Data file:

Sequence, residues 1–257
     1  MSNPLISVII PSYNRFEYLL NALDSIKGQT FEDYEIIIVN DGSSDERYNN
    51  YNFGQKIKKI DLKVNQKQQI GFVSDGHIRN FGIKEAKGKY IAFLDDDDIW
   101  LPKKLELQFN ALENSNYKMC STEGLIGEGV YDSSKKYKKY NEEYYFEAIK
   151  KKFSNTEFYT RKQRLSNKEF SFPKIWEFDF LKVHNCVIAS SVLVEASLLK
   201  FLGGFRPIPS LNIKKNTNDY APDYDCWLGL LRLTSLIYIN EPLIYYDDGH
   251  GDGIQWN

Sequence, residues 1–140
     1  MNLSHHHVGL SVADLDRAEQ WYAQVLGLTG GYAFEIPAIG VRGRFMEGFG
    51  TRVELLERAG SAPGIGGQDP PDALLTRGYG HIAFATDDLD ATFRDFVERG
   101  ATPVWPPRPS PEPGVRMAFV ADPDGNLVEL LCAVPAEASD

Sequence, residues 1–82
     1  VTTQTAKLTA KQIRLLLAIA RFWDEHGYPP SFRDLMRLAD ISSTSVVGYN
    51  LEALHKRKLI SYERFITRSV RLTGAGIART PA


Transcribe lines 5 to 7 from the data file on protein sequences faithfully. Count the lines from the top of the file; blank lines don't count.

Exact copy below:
   151  KKFSNTEFYT RKQRLSNKEF SFPKIWEFDF LKVHNCVIAS SVLVEASLLK
   201  FLGGFRPIPS LNIKKNTNDY APDYDCWLGL LRLTSLIYIN EPLIYYDDGH
   251  GDGIQWN